I must preface this review with saying that Beauty and the Beast is one of my favorite Disney animated films, second only to The Little Mermaid, so I had high hopes for the live-action Disney Beauty and the Beast. Unfortunately, it did not quite live up to my admittedly lofty expectations.
Obviously, this new live action film, directed by Bill Condon, is based on the 1991 Disney animated film and not Jean Cocteau’s 1964 Le Belle et la Bête. Condon’s film follows the 1991 film very closely in telling a musically-driven story of a young woman from a small French village who is taken captive by a beast in his enchanted castle. There is one notable departure from the animated version. In this one, as in the 1946 film, Belle requests that her father bring her back a rose from his travels. This is how the father is captured by the Beast, because the Beast accuses him of stealing. That is the only nod to Cocteau’s film that I noted.
Beauty and the Beast is an entertaining film. It is, for the most part, well cast. Kevin Kline is especially a delight as Belle’s father, Maurice, and he and Emma Watson’s Belle have a charming chemistry. Characters that are flat in the animated version turn up more round in this one--for example, much ado has been made of the hint that Gaston’s sidekick, LeFou [Josh Gad] is gay. More than that, though, LeFou is given more dimension in the form of an inner moral conflict. Maurice is given a past and a dead wife, and some of the enchanted castle staff are given spouses. Overall, the film does a good job at rounding out the story and characters.
One of the best upgrades was giving Belle a little more spunk. I’m sure the producers were well aware of the Stockholm Syndrome criticisms of the ‘91 film, and they seem to have taken pains to combat that. Belle actively tries to escape, she’s a little more feisty and less helpless. There is also more time dedicated to organically building a relationship between Belle and Beast.
Now for the bad. The most glaring black mark on the film, for me, is that Emma Watson’s voice is so obviously auto-tuned that it’s distracting. Luckily, that’s not a problem with any of the other characters, but it makes her lack even more obvious. I’m a little bit confused as to why this was even a problem. In some of the best classic musicals, stars’ singing voices were dubbed over. Maybe the practice is seen as insulting or gauche now, but I’d prefer that to what we hear in Beauty and the Beast.
And, unfortunately, Watson’s voice isn’t the only thing that’s lacking. Her performance isn’t great either and she’s not alone. Beast, while he looks and sounds good, is oddly inexpressive. There is an overall lack of energy and expression in many of the characters, both live action and CGI, which is surprising given the number of talented actors in the film and the CGI talent we’ve seen from Disney in the past. So, while the movie looks gorgeous [even if some of the shots are too close up or move too fast to see much], it comes across as a little bland.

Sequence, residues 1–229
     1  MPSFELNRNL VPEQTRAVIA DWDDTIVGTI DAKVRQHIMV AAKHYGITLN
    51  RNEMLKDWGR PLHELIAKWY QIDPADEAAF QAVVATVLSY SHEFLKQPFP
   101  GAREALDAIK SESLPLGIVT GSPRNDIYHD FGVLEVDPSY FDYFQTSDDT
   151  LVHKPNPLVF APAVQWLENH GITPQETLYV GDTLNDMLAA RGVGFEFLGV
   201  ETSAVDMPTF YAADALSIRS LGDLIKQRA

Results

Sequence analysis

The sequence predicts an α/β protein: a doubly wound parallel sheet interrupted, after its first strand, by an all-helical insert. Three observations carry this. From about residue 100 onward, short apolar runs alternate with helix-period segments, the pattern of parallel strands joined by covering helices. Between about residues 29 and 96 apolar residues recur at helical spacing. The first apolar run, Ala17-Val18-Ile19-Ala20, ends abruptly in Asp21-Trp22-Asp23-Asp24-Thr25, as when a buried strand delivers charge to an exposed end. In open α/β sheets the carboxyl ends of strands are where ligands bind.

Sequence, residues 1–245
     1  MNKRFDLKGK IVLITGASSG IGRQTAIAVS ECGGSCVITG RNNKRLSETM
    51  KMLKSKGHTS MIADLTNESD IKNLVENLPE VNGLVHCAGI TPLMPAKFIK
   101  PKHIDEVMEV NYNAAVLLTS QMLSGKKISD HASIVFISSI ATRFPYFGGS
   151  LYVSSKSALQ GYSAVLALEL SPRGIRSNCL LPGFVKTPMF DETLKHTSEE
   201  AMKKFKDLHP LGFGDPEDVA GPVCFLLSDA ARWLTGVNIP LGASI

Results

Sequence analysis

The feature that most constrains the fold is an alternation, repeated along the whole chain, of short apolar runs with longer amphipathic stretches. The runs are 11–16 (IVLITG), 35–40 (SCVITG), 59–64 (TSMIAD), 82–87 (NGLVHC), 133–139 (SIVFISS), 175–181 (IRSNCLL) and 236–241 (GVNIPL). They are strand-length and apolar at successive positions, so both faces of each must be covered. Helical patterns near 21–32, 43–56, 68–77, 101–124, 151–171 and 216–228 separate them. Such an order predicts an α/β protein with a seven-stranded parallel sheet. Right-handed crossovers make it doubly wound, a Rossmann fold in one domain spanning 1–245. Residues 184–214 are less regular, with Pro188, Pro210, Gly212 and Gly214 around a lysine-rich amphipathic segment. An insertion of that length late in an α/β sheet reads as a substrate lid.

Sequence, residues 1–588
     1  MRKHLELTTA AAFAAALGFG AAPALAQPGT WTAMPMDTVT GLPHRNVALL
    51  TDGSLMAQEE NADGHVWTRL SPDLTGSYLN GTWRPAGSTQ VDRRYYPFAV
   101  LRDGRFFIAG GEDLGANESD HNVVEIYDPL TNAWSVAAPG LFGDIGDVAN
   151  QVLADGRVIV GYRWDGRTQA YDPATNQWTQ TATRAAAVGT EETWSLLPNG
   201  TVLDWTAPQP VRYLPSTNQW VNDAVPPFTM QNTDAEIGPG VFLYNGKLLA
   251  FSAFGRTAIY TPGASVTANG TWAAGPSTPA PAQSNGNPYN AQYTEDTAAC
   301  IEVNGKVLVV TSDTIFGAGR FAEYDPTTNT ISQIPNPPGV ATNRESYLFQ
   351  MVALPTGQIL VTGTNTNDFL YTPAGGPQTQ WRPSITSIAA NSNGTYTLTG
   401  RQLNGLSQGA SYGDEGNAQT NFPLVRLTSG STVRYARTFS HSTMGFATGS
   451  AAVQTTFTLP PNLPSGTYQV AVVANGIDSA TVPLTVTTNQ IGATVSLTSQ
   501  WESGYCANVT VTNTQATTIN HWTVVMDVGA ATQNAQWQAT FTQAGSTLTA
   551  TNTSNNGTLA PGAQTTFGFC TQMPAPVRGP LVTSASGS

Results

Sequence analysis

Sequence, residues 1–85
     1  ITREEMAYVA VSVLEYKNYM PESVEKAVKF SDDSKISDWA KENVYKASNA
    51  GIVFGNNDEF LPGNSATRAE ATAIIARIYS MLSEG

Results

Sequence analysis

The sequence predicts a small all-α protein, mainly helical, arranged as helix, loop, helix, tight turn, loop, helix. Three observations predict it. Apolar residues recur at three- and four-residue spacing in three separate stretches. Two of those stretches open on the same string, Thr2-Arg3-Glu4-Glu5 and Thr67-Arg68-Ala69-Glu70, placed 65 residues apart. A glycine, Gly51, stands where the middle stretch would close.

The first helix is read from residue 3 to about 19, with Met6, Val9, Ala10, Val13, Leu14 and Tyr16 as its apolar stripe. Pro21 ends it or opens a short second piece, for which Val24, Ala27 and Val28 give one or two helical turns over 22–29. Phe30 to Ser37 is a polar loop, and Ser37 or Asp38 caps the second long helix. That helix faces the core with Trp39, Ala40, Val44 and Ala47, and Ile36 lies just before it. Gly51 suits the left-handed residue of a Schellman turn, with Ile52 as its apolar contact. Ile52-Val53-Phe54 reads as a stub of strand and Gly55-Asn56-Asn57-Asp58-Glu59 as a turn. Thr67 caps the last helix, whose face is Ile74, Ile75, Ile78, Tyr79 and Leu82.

And finally, something that I’ve gotten increasingly curmudgeonly about: the movie is too long. The live action film is longer than the animated one by 45 minutes, and much of what is added is not only unnecessary, but boring. Belle’s trip back to Paris with Beast to explore her past, anything involving the enchantress whose role is significantly increased, Gaston’s more sinister and violent actions--I think the idea here was to add some depth but it doesn’t work. There are also 4 new songs by Alan Menken, who composed the songs for the animated version. Unfortunately, Menken seems to have lost his touch because the new songs drag just as much as most of the other added material.
Overall, Beauty and the Beast is not at all a bad movie, but I was hoping for something a little bit more. I think there was a chance to do something exciting given how much moviemaking has progressed, but that is not what happened. This is a film that is very similar to the animated version with a similar charm, but with more bloat. I still recommend seeing it, especially if you are a fan of the animated version. But maybe try to keep your expectations a little lower than mine were.